[Photo by Kim Ho-young]
Gig jobs are growing popular in Korea as young workers in their 20s and 30s increasingly prefer flexibility in work hours, shunning away low-paying full-time jobs at traditional workplaces such as in the manufacturing sector.
Baedal Minjok, the country’s top food delivery app operator said Sunday that it has a total of 20,000 active Baemin Connect Partners, or those contracted workers who provide on-demand food delivery service, as of October this year. The figure is doubled from December last year, according to the company.
Coupang, the country’s e-commerce giant also hires a vast number of independent contractors who provide on-demand services. It has some 100,000 Coupang Flex contracted workers who deliver items to customers for the online marketplace operator via their own means of transportation, such as their own car, as of the end of 2020.
According to a report published by Korea’s labor ministry and Korea Employment Information Service in November, there are about 220,000 people working as gig workers for online platforms, accounting for 8.5 percent of the country’s total employees.
The gig economy has grown rapidly recently as demand for online shopping and other services has surged under Covid-19 social restrictions. Technology advancement also has allowed companies to easily match workers based on workload, for example, assigning delivery orders depending on a deliverer’s traveling distance and time. Moreover, online platforms pay a fair hourly wage or commission per delivery, making the job attractive for workers who seek good pays with flexible work hours.
[Photo by MK DB]
Such a trend has resulted in shortages in factory workers in the country, especially around the area where online store operators’ fulfillment centers are located. Many factories are having difficulty hiring full-time factory workers these days.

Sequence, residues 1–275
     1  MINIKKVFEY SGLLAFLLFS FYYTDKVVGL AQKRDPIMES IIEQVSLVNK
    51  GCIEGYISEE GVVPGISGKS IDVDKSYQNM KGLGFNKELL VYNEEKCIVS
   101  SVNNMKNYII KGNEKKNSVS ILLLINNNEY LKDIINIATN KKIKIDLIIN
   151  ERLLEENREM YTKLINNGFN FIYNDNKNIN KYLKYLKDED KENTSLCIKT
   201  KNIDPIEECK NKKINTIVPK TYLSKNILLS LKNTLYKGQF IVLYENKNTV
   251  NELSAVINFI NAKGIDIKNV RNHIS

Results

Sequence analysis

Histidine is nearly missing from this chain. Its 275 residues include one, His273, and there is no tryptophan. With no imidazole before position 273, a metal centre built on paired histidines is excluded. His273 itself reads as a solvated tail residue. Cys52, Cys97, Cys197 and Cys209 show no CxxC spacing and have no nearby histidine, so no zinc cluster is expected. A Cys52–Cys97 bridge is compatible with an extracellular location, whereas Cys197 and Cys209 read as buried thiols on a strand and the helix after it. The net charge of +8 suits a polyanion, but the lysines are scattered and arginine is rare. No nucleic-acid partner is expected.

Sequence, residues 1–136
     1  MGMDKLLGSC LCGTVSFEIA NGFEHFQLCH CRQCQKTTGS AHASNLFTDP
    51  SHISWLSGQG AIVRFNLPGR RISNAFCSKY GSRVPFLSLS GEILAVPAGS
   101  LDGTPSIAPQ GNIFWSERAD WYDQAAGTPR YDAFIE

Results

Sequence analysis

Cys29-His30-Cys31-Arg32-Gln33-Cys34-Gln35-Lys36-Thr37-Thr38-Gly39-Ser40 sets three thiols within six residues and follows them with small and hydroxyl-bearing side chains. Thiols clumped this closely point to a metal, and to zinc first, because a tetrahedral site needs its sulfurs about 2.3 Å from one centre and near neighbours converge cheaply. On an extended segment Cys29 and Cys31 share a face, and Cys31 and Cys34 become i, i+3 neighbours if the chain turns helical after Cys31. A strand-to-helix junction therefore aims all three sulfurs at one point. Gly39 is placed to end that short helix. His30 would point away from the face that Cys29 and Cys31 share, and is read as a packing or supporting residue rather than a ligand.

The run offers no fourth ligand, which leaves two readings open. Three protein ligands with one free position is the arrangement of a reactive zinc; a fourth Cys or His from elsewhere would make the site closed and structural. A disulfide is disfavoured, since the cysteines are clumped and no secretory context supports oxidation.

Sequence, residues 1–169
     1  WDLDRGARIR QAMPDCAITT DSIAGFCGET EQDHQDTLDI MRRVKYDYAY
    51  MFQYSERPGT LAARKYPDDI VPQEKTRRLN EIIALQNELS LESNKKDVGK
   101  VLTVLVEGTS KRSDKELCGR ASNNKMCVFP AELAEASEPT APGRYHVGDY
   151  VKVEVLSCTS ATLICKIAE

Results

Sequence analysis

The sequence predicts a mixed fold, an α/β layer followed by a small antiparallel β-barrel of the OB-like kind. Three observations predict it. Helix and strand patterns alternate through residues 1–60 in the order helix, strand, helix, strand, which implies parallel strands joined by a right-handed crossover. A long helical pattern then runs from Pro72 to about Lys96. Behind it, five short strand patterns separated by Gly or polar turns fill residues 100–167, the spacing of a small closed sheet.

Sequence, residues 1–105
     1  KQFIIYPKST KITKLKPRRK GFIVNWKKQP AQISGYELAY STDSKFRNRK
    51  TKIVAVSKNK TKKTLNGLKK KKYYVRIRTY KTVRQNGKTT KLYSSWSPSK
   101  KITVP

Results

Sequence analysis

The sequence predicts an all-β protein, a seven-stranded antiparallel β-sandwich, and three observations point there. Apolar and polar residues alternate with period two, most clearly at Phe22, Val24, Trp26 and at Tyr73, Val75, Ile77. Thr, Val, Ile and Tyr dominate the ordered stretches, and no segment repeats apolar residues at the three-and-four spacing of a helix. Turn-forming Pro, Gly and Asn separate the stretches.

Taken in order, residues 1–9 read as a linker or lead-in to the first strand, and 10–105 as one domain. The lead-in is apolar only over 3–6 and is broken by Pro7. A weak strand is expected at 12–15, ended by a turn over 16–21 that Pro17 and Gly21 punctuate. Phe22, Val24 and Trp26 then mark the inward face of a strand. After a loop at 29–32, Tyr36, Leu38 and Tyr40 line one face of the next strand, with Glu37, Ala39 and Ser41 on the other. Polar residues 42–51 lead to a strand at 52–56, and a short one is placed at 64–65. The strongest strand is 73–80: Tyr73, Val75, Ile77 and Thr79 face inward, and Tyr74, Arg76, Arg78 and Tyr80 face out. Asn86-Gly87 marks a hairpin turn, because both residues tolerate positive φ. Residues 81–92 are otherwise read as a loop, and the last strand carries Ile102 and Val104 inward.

Thanks to the growing popularity of gig jobs, services for matching companies with gig workers for contract jobs are also expanding rapidly.
Talent Bank, an online platform that links clients with workers for contract jobs, such as website development and graphics designing, saw the number of matching requests jump from 368 in 2019 to 876 in 2020, then to 622 by June this year.
Kmong, another major freelancer job matching platform, has recorded a 47 percent on-year jump in gross merchandise value in the third quarter this year. Its number of corporate clients also doubled over the same period.
Soomgo, an online platform that connects gig workers with teaching jobs to home interior projects, has seen the number of quotes made by personal service providers for clients through its site surge 193.06 percent to 37.5 million cases this year through September versus a year-ago period. The platform has 790,000 subscribed members as service providers with 300,000 newly registered this year.
By Hong Sung-yong, Kang Min-ho and Cho Jeehyun
[ⓒ Pulse by Maeil Business Newspaper & mk.co.kr, All rights reserved]